Successful female cops populate some of the country’s favorite TV dramas. From Law and Order: Special Victims Unit’s Olivia Benson (Mariska Hargitay) to The Wire’s Kima Greggs (Sonja Sohn) to The Closer’s Brenda Johnson (Kyra Sedgwick) to Castle’s Kate Beckett (Stana Katic), we see women in law enforcement apprehending sex offenders, performing stellar detective work, nailing interrogations, and closing cases. But in real life, women make up a surprisingly small percentage of police forces.
The U.S. Department of Justice cited the following statistics in the 2010 report Women in Law Enforcement:
In 2007, women accounted for about 15% of the total sworn law enforcement officers in large local police departments. In large sheriffs’ offices, female officers comprised about 13% of the total sworn officers. In contrast, local police departments with between 1 and 10 full-time sworn officers employed fewer than 2,000 female law enforcement officers nationwide (6%). Small sheriffs’ offices across the county employed just over 200 total sworn officers who were women (4%) in 2007.
That sounds like a lot less gender equity than we saw back in the ’80s on Cagney & Lacey.
“We need a larger number of women in there,” Penny Harrington, the first female chief of a major U.S. police department and founder of The National Center for Women & Policing, told Bitch via phone. “On the entry level, they set up testing that relies heavily on upper body strength. Women fail to get in in the first place.” So although TV presents us with diverse depictions of female law enforcement from Jane Tennison (Helen Mirren) in the mini-series Prime Suspect to TV’s longest-running black character Anita Van Buren (S. Epatha Merkerson) on Law & Order, real-life women in policing struggle to enter the field at all.
Harrington also noted that, once women make it into the department, they carry the heavy burden of representation:
Once they’re in, anything that a woman does wrong is talked about by everybody. Women get labeled early on in their careers….Women are held to a higher standard of performance in practically anything. You have to do more than [men] do and you have to do it better to be considered as good as they are. It’s that old-boy attitude toward women.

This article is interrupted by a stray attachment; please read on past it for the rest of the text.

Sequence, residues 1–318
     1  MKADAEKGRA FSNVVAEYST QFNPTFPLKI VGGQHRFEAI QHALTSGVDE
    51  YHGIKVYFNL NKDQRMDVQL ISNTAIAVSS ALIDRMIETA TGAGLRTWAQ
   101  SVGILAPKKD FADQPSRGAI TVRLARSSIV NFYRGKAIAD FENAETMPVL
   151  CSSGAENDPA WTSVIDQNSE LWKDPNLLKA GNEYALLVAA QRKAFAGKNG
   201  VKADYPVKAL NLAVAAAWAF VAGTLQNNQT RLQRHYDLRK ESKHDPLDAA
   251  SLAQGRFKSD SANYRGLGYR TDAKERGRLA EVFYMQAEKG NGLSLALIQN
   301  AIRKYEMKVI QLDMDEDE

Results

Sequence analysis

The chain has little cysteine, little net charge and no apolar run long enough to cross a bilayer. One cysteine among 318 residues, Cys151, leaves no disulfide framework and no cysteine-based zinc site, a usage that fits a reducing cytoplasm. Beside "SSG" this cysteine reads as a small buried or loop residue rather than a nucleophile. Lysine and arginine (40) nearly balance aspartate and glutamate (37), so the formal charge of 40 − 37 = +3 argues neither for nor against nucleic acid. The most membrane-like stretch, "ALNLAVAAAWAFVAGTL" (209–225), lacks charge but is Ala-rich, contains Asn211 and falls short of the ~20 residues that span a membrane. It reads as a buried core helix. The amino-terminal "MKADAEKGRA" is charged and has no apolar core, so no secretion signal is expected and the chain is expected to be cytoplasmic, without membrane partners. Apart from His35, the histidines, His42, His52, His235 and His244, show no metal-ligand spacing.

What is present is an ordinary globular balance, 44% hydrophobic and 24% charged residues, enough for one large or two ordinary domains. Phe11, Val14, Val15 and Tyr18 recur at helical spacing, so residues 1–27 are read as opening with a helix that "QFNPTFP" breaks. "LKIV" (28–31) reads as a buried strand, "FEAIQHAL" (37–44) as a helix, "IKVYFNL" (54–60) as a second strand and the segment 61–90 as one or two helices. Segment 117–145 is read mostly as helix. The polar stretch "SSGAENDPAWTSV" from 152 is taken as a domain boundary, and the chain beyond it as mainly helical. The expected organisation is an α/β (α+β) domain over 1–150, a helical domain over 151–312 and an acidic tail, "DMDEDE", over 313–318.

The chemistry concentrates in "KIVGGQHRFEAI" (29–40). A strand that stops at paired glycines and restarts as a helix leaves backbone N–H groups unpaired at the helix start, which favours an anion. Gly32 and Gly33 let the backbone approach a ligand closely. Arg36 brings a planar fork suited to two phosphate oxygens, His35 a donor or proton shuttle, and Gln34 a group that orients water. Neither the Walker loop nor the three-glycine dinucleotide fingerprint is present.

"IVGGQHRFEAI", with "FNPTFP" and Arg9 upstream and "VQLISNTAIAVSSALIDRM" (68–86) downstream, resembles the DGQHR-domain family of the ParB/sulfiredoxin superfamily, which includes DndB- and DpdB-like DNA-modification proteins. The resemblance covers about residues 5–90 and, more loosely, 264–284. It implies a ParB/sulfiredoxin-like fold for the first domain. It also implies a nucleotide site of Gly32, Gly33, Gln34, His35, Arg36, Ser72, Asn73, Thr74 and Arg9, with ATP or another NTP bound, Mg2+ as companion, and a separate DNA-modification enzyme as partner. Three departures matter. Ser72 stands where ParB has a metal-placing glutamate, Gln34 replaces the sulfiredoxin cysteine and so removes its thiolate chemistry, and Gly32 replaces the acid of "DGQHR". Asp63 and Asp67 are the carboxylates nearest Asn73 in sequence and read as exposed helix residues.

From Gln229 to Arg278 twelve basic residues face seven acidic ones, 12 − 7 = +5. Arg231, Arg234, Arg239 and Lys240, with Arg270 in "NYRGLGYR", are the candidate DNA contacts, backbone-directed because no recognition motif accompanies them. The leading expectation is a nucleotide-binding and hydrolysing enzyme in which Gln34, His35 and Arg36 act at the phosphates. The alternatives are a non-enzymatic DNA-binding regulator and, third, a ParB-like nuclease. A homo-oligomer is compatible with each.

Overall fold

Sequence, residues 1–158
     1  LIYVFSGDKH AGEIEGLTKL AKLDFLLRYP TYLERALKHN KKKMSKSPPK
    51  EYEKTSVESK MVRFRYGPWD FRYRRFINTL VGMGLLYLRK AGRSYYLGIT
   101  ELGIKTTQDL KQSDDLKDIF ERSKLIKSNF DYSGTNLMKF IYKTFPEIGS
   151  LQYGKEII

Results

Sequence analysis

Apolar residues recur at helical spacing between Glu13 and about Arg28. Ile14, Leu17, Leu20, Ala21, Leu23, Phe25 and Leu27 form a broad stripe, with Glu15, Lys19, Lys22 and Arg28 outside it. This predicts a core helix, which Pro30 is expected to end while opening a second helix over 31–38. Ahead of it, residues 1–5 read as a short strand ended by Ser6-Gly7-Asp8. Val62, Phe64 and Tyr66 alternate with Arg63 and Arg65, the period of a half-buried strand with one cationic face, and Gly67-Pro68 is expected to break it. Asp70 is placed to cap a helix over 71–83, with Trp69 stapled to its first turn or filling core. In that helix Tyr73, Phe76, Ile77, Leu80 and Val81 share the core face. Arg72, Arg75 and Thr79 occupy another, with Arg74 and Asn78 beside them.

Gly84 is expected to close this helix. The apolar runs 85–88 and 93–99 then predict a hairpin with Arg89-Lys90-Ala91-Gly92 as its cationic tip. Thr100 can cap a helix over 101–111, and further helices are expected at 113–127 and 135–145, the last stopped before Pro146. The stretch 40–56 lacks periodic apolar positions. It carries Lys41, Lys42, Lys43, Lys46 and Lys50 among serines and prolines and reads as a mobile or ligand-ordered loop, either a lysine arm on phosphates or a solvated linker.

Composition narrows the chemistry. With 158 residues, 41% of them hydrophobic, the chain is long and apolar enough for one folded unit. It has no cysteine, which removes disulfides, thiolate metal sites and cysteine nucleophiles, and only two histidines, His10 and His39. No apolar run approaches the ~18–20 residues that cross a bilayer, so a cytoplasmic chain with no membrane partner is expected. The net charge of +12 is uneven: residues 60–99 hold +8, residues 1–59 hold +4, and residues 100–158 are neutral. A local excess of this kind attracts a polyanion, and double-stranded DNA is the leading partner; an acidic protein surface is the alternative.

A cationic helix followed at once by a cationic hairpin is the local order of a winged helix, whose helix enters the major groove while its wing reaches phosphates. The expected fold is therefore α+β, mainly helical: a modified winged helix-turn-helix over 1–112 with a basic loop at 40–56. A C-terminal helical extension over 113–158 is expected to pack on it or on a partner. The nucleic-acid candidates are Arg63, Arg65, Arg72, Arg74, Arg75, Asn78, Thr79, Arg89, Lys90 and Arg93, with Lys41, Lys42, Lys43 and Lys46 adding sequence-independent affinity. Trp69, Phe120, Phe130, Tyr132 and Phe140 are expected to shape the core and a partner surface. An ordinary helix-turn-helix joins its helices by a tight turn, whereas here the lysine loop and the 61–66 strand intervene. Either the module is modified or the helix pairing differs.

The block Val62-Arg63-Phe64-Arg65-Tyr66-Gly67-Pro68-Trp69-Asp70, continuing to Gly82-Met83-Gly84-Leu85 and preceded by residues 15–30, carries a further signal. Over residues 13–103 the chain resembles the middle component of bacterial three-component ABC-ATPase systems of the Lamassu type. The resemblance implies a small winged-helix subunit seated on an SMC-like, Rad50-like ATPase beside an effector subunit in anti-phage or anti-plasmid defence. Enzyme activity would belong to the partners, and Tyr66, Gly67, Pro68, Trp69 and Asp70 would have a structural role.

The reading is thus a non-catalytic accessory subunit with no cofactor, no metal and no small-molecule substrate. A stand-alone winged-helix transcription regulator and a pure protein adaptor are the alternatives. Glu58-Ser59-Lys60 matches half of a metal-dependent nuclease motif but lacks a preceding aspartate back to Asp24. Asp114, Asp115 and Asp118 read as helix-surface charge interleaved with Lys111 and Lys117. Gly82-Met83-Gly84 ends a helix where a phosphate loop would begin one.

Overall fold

So although The Wire’s Detective Greggs is lauded among her colleagues Freamon, Carver, Herc, and McNulty, it’s possible that, in real life, her impeccable work would barely merit equal treatment.
To be sure, Harrington said that women have made strides in law enforcement: “In 1964, I started as police. I was in it for 24 years. I was seeing some small progress. When I started in 1964, there were 12 women in my department; in 1986, there were 85 in my department out of 1000.”
Yet it’s surprising that the ratio of women in policing is growing at such a slow rate. According to Harrington, women make just as many arrests and stolen car recoveries. “Any [metric] you want to measure, women do just as well as men,” she said. “But still, the men don’t consider them equal partners.”
Understandably, it’s a fraught choice for anyone, regardless of gender, to enter a potentially dangerous profession. And because the job is physically demanding, it’s ableist at its core. But for women who choose to pursue law enforcement as a career, it’s imperative that they’re allowed to enter and advance in the field. Excluding women from the top ranks of policing creates a gender-stratified system that can result in hostility towards women. Noted Harrington, “We need to weed out the men [in law enforcement] who are obviously anti-women. How do you think they’re going to treat the women victims?”
It’s a tough climb for the real-life versions of Benson, Greggs, Johnson, and Beckett. While television makes us think that women can rise just as high in the ranks as Law & Order: SVU’s Stabler or The Wire’s McNulty, in real life, women in law enforcement struggle to break into the sector—and struggle to succeed.
Said Harrington, “Women don’t want to complain because they have no support; they suffer retaliation. It’s not changing, and that’s the sad part.”